10. Blake DD, Weathers FW, Nagy LM, Kaloupek DG, Gusman FD, Charney DS, Keane TM. The development of a clinician-administered PTSD scale. J Trauma Stress. 1995;8:75–90.View ArticlePubMedGoogle Scholar
  11. Saunders JB, Aasland OG, Babor TF, de la Fuente JR, Grant M. Development of the alcohol use disorders identification test (AUDIT): WHO collaborative project on early detection of persons with harmful alcohol consumption II. Addict. 1993;88:791–804.View ArticleGoogle Scholar
  12. Resick PA, Monson CM, Chard KM. Cognitive processing therapy for PTSD: a comprehensive manual. New York: Guilford Press; 2017.Google Scholar
  13. Lovibond SH, Lovibond PF. Manual for the depression anxiety stress scales. Sydney: Psychology Foundation of Australia; 1995.Google Scholar
  14. Brown TA, Chorpita BF, Korotitsch W, Barlow DH. Psychometric properties of the depression anxiety stress scales (DASS) in clinical samples. Behav Res Ther. 1997;35:79–89.View ArticlePubMedGoogle Scholar
  15. Antony MM, Bieling PJ, Cox BJ, Enns MW, Swinson RP. Psychometric properties of the 42-item and 21-item versions of the depression anxiety stress scales in clinical groups and a community sample. Psychol Assess. 1998;10:176–81.View ArticleGoogle Scholar
  16. Blanchard EB, Jones-Alexander J, Buckley TC, Forneris CA. Psychometric properties of the PTSD checklist (PCL). Behav Re Ther. 1996;34:669–73.View ArticleGoogle Scholar
  17. Wilkins KC, Lang AJ, Norman SB. Synthesis of the psychometric properties of the PTSD checklist (PCL) military, civilian, and specific versions. Depress Anxiety. 2011;28:596–606.View ArticlePubMedPubMed CentralGoogle Scholar
  18. Cummins RA, Eckersley R, Pallant J, van Vugt J, Misajon R. Developing a national index of subjective wellbeing:the Australian unity wellbeing index. Soc Indic Res. 2003;64:159–90.View ArticleGoogle Scholar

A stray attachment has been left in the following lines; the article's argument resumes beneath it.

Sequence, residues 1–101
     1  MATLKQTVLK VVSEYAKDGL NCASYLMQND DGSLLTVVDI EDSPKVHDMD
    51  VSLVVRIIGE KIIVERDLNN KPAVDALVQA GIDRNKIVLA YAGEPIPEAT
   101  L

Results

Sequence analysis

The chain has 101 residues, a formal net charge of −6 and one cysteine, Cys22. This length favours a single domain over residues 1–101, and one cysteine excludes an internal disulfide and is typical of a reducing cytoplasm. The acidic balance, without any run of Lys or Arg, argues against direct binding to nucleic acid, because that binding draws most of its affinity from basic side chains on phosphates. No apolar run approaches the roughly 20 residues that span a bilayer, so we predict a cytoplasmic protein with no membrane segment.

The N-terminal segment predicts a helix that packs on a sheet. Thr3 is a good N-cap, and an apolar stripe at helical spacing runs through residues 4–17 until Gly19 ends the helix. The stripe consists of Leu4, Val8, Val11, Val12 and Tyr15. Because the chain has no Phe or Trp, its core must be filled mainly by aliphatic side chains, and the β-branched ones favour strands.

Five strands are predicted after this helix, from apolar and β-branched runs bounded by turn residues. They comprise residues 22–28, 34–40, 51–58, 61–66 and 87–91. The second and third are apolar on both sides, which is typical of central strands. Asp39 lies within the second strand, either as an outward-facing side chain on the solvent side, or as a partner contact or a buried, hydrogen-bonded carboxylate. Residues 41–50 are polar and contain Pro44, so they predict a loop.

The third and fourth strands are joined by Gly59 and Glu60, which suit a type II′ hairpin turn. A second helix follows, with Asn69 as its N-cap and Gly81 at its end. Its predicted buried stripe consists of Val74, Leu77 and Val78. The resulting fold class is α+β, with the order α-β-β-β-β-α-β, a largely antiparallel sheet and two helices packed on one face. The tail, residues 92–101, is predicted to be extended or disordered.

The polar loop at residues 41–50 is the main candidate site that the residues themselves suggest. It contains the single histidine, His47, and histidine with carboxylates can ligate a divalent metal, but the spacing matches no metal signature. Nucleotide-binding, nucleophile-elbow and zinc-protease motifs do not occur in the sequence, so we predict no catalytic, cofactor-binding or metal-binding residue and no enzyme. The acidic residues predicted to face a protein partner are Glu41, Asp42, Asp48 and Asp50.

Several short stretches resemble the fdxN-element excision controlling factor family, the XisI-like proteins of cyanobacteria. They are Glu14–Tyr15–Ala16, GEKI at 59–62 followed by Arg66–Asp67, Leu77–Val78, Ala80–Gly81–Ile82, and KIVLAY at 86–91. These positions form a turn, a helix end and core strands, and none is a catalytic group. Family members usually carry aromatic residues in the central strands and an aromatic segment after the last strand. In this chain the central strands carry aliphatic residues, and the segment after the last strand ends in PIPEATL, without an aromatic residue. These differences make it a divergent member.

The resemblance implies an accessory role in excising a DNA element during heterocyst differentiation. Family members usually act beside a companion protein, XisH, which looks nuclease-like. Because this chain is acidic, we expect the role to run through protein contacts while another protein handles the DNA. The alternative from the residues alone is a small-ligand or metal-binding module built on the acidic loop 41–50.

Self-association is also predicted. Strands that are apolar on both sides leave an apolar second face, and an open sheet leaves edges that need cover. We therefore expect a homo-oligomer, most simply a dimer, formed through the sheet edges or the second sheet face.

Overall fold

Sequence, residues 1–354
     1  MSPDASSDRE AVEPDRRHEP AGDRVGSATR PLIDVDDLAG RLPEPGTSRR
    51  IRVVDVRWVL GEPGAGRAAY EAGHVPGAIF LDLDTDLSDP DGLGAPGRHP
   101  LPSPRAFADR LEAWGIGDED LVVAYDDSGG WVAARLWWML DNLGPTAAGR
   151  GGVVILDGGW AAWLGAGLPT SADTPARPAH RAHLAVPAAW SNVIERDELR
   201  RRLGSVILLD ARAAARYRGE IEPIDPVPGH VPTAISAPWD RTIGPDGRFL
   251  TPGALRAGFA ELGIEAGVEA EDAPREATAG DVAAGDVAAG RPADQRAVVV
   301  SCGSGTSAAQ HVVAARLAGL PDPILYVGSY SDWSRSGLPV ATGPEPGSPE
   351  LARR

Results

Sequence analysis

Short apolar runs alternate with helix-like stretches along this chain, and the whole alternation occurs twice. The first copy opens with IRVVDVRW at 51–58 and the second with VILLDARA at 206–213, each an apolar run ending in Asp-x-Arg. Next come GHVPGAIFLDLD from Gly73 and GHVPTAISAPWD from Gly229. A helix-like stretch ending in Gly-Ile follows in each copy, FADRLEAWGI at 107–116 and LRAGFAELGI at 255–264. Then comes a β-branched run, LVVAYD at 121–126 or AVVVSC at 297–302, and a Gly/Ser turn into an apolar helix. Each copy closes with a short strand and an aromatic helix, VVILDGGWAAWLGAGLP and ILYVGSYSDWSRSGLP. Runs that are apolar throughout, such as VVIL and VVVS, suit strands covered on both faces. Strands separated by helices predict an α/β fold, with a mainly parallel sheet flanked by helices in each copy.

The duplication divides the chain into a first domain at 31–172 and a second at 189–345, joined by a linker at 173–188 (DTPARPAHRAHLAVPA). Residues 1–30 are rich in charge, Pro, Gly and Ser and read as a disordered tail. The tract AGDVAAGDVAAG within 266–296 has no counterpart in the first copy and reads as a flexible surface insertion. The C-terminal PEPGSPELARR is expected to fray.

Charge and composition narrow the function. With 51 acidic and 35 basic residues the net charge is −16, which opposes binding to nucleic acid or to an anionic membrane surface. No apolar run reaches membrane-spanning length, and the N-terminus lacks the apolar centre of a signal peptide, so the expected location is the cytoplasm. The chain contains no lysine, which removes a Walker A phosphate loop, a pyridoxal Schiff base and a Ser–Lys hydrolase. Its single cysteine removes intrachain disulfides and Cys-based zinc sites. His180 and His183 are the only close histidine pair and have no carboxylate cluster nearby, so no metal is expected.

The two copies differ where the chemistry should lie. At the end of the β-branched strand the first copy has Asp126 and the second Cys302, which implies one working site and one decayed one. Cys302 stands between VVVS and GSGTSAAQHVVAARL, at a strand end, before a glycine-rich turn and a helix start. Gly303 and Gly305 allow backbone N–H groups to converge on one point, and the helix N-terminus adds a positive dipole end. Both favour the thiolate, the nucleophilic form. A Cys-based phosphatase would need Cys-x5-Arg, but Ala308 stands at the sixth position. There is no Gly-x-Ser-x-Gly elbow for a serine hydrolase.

19. Cummins RA, Woerner J, Weinberg M, Collard J, Hartley-Clark L, Horfiniak K. Australian Unity Wellbeing Index: Report 30.0 - The Wellbeing of Australians: Social Media, personal achievement, and work; 2013. Retrieved February 26, 2018 from http://www.acqol.com.au/projects#reports.Google Scholar
  20. Twisk JWR. Applied longitudinal data analysis for epidemiology. Cambridge: Cambridge University Press; 2003.Google Scholar
  21. Hubbard AE, Ahern J, Fleischer NL, Van der Laan M, Lippman SA, Jewell N, et al. To GEE or not to GEE: comparing population average and mixed models for estimating the associations between neighborhood risk factors and health. Epidemiology. 2010;21:467–74.View ArticlePubMedGoogle Scholar
  22. Vogt D, Smith BN, Fox AB, Amoroso T, Taverna E, Schnurr PP. Consequences of PTSD for the work and family quality of life of female and male U.S. Afghanistan and Iraq war veterans. Soc Psychiatry Psychiatr Epidemiol. 2017;52:341–52.View ArticlePubMedGoogle Scholar
  23. Karatzias T, Chouliara Z, Power K, Brown K, Begum M, McGoldrick T, MacLean R. Life satisfaction in people with post-traumatic stress disorder. J Ment Health. 2013;22:501–8.View ArticlePubMedGoogle Scholar
  24. Ahern J, Worthen M, Masters J, Lippman SA, Ozer EJ, Moos R. The challenges of Afghanistan and Iraq veterans’ transition from military to civilian life and approaches to reconnection. PLoS One. 2014;10:e0128599.View ArticleGoogle Scholar
  25. Kent M, Davis MC, Stark SL, Stewart LAA. Resilience-orientated treatment for posttraumatic stress disorder: results of a preliminary randomized clinical trial. Journal of traumatic stress. Studies. 2011;24:591–5.Google Scholar
  26. Schnurr PP, Lumney CA. Symptom benchmarks of improved quality of life in PTSD. Depres Anxiety. 2016;33:247–55.View ArticleGoogle Scholar
  27. Beckham EE, Leber WR, Watkins JT, Boyer JT, Cook JB. Development of an instrument to measure Beck's cognitive triad: the cognitive triad inventory. J Consult Clin Psychol. 1986;54:566–7.View ArticlePubMedGoogle Scholar
  28. Foa EB, Ehlers A, Clark DM, Tolin DF, Orsillo SM. The Postraumatic cognitions inventory (PTCI): development and validation. Psychol Assess. 1999;11:303–14.View ArticleGoogle Scholar
  29. Raps CS, Peterson C, Reinhard KE, Abramson LY, Seligman ME. Attributional style among depressed patients. J Abnorm Psychol. 1982;91:102–8.View ArticlePubMedGoogle Scholar
  30. Fava GA. Well-being therapy: current indications and emerging perspectives. Psychother Psychosom. 2016;85:136–45.View ArticlePubMedGoogle Scholar
  31. Bredhauer K, Anderson R, McGuire A, Warfe P, Waller M, Kanesaraja J. Review of PTSD group treatment programs: phase 2 in-depth quantitative and qualitative analyses. Brisbane: Centre for Military and Veterans’ Health; 2011. Retrieved February 26, 2018 from: https://www.dva.gov.au/consultation-and-grants/research-and-development/health-studies/posttraumatic-stress-disorder.

Copyright

© The Author(s). 2018

Advertisement